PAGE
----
After a grand jury indicted Collins for possession of stolen property, Collins moved to suppress the evidence obtained by Rhodes. Collins alleged that the evidence should be suppressed because Rhodes violated his Fourth Amendment rights by trespassing onto his property without probable cause or a warrant. In opposition to the motion, the Commonwealth of Virginia argued that, in Carroll v. United States and Maryland v. Dyson, the U.S. Supreme Court established an automobile exception to the probable cause requirement, and determined that it is lawful to search a vehicle without a warrant because automobiles are easily moved. Collins countered that, because his motorcycle was parked on private property, the automobile exception did not apply. The Circuit Court of Albemarle County (the “trial court”) found that there was probable cause for the search and denied Collins’s motion. Collins was subsequently convicted of the charges against him.

Collins appealed his case to the Court of Appeals of Virginia (the “Court of Appeals”), arguing that the trial court erred in denying his motion to suppress. The Court of Appeals upheld the decision of the trial court. Although the Court of Appeals recognized that the automobile exception might not apply in Collins’s case, it determined that Rhodes had probable cause to believe the motorcycle was the one from the incidents and that the search was justified under the exigent circumstances exception to the warrant requirement.

Collins appealed the Court of Appeals’s decision to the Supreme Court of Virginia. The Supreme Court of Virginia held that Rhodes had probable cause to search the motorcycle, and determined that the automobile exception applied, even though the vehicle was parked on private property and was not immediately mobile. The Supreme Court of Virginia’s reasoning differed from the lower courts, but it held that it could affirm Collins’s convictions based on the “right result for the wrong [or different] reason” doctrine. Collins petitioned the U.S. Supreme Court for a writ of certiorari, which the Court granted on September 28, 2017.



Collins claims that the automobile exception does not apply, arguing that the automobile exception is limited by the location of the vehicle. Collins argues that the Coolidge v. New Hampshire majority rejected the view held by the Virginia Supreme Court here, and held that a search and seizure of an automobile is per se unreasonable when conducted on the defendant’s property without a warrant. Collins contends that the automobile exception has a limited scope, asserting that Fourth Amendment protection against curtilage searches does not disappear in the context of automobiles. Collins further claims that there are two main rationales for the automobile exception—inherent mobility and reduced expectations of privacy—neither of which, Collins argues, justifies expanding the exception to cover curtilage searches involving an automobile. Collins argues that the inherent mobility rationale is insufficient to support this expansion of the exception by noting that the Court has refused to permit warrantless home searches for drugs, which are also easily removed, hidden, or destroyed. Finally, Collins points out that, while pervasive regulations diminish reasonable expectations of privacy in public streets, such regulations do not apply to vehicles parked in garages or private driveways.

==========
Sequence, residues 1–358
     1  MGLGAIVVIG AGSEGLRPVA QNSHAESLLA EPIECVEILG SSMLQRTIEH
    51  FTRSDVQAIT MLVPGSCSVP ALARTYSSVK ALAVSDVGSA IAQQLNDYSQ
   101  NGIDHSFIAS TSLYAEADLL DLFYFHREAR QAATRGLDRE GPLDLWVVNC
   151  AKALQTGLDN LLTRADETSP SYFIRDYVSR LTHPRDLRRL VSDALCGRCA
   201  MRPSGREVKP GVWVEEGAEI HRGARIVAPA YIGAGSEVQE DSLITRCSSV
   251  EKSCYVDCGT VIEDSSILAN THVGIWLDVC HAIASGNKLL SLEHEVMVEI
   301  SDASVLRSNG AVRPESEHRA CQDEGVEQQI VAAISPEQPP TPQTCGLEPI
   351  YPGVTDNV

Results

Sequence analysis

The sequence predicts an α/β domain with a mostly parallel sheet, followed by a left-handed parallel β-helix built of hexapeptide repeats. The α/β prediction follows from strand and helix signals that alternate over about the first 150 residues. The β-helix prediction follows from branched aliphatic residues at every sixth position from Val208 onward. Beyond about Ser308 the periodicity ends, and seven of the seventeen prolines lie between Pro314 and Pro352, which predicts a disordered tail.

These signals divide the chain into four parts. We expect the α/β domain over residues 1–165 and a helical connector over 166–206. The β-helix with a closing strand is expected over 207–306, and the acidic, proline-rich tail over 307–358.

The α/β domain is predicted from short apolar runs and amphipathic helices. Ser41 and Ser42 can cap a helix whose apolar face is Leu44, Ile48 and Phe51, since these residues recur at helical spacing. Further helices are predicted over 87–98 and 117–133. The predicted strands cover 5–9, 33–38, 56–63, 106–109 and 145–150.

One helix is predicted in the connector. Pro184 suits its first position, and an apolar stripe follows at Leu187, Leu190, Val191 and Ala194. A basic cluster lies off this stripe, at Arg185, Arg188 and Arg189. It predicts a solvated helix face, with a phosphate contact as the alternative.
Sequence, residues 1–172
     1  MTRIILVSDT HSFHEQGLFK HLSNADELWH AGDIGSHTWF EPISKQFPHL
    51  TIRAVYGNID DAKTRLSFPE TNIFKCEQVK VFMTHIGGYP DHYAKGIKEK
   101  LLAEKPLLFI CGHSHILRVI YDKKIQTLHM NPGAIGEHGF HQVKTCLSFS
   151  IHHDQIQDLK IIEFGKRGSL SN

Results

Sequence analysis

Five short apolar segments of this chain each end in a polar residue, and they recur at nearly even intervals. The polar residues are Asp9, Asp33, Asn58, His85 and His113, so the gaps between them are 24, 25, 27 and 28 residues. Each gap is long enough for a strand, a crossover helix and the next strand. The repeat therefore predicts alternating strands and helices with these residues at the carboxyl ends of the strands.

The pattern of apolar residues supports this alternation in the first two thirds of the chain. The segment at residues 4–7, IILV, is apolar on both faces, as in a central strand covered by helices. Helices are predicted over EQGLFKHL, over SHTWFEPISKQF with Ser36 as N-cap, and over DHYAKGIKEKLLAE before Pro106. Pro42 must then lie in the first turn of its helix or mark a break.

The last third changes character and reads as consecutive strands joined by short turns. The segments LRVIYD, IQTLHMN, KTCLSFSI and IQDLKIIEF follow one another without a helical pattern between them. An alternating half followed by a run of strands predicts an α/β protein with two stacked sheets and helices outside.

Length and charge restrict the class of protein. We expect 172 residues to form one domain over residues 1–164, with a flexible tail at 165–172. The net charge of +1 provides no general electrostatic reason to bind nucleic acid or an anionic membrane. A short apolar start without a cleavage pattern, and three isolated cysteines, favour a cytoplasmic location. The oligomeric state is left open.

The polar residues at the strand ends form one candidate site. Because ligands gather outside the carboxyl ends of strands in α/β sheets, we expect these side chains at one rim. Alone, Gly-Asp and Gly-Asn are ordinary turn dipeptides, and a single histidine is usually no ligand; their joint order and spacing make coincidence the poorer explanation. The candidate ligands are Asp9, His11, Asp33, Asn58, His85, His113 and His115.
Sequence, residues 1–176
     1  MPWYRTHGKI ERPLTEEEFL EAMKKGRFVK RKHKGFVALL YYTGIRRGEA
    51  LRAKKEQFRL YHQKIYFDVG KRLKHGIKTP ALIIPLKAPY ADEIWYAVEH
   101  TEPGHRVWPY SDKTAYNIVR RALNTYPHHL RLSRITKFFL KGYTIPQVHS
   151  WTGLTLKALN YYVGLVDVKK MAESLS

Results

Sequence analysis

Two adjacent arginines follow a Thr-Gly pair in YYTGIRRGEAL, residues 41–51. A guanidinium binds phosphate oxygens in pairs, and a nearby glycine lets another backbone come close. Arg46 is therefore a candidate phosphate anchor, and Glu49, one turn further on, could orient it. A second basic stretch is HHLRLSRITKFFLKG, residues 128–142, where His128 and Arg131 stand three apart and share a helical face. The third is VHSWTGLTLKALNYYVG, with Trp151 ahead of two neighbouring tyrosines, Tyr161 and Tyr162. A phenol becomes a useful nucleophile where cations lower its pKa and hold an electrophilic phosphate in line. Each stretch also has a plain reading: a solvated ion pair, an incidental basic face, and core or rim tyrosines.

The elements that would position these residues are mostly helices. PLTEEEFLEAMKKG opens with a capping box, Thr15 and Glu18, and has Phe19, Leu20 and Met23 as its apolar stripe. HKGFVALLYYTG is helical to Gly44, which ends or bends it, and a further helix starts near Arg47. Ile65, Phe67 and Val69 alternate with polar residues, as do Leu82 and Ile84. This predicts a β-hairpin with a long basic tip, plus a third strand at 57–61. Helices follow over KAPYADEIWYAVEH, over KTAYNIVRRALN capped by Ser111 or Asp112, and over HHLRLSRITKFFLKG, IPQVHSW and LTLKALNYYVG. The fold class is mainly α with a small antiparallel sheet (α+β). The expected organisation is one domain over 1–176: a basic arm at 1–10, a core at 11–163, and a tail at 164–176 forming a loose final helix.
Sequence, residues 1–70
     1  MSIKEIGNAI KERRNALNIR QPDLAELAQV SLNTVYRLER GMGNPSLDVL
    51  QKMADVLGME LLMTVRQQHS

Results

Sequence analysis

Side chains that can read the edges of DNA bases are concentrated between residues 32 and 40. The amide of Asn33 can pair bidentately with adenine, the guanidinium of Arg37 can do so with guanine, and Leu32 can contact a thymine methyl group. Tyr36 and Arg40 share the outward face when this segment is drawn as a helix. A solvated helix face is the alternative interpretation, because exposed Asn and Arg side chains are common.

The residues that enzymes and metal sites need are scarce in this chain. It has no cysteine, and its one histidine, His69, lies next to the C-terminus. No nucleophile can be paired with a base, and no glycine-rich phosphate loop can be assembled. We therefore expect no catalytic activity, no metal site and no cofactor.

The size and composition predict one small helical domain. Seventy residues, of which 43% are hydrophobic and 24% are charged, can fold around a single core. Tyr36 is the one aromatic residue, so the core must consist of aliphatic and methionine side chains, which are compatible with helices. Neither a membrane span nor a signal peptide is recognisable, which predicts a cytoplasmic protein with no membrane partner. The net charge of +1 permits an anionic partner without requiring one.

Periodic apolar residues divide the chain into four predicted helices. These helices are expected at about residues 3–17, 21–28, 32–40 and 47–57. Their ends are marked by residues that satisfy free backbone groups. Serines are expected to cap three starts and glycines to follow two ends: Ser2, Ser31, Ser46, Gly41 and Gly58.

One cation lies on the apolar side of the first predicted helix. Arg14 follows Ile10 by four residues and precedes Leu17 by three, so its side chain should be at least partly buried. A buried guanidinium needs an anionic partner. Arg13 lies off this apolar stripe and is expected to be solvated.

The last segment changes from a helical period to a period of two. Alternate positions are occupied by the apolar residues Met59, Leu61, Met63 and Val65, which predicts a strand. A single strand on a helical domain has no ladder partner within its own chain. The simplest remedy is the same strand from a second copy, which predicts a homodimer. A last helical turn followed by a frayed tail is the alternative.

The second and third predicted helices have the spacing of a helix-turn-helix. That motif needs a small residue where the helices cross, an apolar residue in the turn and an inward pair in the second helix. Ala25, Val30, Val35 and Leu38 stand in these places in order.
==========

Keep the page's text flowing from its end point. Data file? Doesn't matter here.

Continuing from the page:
The Commonwealth of Virginia (“Virginia”) counters that the automobile exception to the Fourth Amendment applies in this case, and that the motorcycle’s parked location in the driveway of the home does not have a constitutional significance. Virginia highlights two elements of the automobile exception that apply when the vehicle is not currently in use on the highway: the vehicle’s readily mobile nature and whether the vehicle is parked in a place not regularly used for residential purposes. Virginia points out that, in California v. Carney, the Supreme Court applied the automobile exception to vehicles that were not on public highways. In Carney, even though a motor home was parked in a public parking lot, the automobile exception applied because the motor home was readily mobile and parked in a way that made it clearly appear as being used as a vehicle, and not a residence. Virginia asserts that, because Collin’s motorcycle was readily mobile and located in a residential driveway, the two required elements of the automobile exception were met. Virginia asserts that the rule has been regularly applied and remains clear that “if a car is readily mobile, and probable cause exists to believe it contains contraband, the Fourth Amendment permits police to search the vehicle without more.”